&#91IN THIS CORNER...&#93Should TV air time be freed?

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&#91IN THIS CORNER...&#93Should TV air time be freed?

The broadcasting hours of television networks are regulated by law; they can be on the air from 6 a.m. to noon and 6 p.m. to 1 a.m. To broadcast outside of the designated times, they need approval from the Korea Broadcasting Commission. Since broadcasters have long been asking for more air time, the restrictions should be loosened. The regulations were introduced in the 1960s, when television broadcasting was in its infancy here.

Other media are not happy with the proposed expansion, which they say will hurt the balanced development of mass media. That problem can be addressed by other regulations. Reruns of programs should not be aired during the additional hours; daytime television shows should be suitable for audiences of all ages and low-quality soap operas or game shows should not be broadcast. Also, network television can provide more programming from outside producers, especiallly smaller producers, during the additional hours.

But they should not change their broadcasting schedule in accordance with their convenience by extending it when there are advertisers and shortening it otherwise. Some people adjust their daily schedules to watch favorite television shows. Broadcasting schedules are a promise to audiences, not an arbitrary decision of the broadcasters.

By Park Eun-hee

The writer is a professor of mass communications at Daejin University.


The expansion of broadcasting hours was allowed temporarily during the World Cup soccer matches, and the issue now comes up again as terms of the members of the Korea Broadcasting Commission near their end. Some people criticize the commission for their hasty administration. The networks are now airing three to four additional hours a day, and the commission will probably make that permission permanent. It has given up its role as a media watchdog.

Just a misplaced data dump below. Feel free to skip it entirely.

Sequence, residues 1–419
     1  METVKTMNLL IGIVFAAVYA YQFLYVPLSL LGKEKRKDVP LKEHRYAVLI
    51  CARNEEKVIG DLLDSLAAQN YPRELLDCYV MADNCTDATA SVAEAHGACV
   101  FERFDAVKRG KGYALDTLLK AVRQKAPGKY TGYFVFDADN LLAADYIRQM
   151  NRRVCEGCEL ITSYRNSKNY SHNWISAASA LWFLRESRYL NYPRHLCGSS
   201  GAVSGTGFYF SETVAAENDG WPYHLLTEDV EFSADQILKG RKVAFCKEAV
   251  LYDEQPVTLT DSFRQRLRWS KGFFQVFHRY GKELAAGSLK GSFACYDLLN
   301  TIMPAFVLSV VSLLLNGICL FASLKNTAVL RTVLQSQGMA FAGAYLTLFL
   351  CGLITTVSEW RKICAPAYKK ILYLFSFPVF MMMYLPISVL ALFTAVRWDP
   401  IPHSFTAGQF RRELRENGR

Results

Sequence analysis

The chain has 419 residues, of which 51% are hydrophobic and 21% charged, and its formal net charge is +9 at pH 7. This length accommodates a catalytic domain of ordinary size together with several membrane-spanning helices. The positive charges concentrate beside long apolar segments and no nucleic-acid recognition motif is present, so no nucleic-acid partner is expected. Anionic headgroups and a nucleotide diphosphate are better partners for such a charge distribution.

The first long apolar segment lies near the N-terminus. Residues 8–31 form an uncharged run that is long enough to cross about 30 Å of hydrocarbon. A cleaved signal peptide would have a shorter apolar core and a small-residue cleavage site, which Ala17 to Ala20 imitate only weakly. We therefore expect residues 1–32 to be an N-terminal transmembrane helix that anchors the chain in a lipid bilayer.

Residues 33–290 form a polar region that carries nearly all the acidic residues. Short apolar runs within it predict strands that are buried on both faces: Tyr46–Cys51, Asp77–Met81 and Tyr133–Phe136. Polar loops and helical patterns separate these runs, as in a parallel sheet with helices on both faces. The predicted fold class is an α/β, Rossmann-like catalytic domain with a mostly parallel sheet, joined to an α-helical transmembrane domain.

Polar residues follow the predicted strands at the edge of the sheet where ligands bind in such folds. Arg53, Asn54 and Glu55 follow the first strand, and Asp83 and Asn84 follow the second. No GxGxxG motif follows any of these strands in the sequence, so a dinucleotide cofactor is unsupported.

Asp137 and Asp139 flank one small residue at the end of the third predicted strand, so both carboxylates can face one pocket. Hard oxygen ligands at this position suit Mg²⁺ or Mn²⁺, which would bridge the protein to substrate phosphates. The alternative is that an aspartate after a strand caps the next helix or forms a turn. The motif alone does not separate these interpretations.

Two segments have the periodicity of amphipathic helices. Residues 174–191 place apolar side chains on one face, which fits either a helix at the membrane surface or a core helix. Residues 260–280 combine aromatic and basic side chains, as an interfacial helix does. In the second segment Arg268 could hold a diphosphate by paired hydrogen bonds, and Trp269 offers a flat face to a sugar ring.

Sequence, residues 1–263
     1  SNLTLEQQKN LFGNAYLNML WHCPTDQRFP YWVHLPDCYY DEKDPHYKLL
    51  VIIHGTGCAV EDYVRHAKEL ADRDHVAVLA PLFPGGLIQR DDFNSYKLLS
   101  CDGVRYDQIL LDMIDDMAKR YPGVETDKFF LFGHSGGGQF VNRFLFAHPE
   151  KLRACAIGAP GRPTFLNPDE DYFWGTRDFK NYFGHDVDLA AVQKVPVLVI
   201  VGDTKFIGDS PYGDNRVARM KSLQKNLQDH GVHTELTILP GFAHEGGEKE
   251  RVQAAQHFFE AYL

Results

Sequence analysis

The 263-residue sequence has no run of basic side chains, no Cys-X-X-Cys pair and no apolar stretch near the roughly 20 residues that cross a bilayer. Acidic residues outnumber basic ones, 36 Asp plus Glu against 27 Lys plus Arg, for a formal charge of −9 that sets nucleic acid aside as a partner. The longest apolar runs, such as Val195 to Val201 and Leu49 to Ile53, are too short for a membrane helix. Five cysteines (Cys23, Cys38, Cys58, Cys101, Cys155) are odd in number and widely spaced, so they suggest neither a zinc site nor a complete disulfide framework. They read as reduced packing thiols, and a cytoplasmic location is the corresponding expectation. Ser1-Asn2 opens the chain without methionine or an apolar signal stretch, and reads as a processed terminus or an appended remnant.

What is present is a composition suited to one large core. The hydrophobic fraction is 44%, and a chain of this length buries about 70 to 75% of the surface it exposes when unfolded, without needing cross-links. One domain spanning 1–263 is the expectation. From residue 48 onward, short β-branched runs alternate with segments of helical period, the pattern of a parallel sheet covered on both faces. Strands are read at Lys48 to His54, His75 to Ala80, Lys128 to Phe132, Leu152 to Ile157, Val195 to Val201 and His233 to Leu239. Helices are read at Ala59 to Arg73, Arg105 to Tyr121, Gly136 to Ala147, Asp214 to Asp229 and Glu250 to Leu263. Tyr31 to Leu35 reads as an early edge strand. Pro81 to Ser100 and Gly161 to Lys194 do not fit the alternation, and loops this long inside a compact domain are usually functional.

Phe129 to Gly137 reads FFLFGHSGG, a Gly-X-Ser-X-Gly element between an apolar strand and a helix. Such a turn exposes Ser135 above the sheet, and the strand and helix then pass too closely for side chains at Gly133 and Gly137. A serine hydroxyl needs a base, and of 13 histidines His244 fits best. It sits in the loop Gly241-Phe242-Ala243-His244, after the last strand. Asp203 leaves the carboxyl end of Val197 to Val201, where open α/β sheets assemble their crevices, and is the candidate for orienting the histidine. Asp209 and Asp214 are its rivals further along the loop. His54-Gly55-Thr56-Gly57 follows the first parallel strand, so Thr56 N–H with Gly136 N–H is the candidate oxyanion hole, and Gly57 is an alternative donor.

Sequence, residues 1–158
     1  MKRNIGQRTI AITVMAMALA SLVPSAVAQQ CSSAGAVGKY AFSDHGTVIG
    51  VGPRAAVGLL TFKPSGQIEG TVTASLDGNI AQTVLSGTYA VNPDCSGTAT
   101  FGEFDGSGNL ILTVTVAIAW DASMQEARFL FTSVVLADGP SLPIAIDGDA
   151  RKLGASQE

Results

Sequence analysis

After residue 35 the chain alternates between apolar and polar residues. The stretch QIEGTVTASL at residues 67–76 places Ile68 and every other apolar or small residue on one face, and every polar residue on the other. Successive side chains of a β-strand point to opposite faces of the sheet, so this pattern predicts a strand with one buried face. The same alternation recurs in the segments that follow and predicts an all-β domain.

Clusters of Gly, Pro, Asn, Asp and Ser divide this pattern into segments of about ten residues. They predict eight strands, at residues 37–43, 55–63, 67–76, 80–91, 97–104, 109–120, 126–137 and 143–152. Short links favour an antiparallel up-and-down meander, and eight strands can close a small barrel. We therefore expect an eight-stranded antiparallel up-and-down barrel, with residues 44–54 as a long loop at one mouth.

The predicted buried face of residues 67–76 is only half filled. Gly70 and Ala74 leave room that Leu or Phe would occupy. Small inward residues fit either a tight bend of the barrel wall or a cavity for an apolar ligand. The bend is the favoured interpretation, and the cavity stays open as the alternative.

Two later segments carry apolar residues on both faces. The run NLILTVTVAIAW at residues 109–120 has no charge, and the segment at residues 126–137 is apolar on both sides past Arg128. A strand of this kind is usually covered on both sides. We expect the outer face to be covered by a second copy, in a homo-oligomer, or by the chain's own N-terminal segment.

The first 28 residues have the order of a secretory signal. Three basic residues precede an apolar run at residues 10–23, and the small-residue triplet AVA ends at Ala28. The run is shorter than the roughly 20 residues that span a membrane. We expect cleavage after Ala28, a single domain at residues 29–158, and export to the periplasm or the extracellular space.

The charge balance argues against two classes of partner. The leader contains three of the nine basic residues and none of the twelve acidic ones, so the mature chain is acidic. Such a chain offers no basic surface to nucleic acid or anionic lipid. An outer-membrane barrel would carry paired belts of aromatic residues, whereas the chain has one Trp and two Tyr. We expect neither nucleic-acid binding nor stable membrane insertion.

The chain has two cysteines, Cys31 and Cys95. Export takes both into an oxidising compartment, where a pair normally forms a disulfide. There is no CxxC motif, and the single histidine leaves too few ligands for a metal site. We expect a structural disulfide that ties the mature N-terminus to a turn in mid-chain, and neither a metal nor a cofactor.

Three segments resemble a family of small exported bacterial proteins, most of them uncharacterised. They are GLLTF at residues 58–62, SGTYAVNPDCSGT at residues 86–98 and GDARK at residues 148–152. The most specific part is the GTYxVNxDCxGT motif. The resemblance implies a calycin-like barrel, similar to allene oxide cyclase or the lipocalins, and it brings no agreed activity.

Korean television has concentrated on producing low-quality programs. Even now, audiences complain about the commercialism of shows aired after midnight; the broadcasters are concentrating only on prime-time shows. The expansion of air time will mean nothing but reruns and more reruns. Media advertising is already dominated by the three networks, with a 90-percent advertising share. More hours will make the media imbalance worse.

Some citizen organizations that monitor television programs agree that it is unfair to give additional hours to the networks. Members of these organizations said they would demonstrate against a decision by the commission to add the air time permanently. The Korea Broadcasting Commission should consider the matter rationally and calmly before making its decision.

By Kim Tae-hyun

The writer is the director of TV Monitoring Team at the Citizen's Coalition for Economic Justice.
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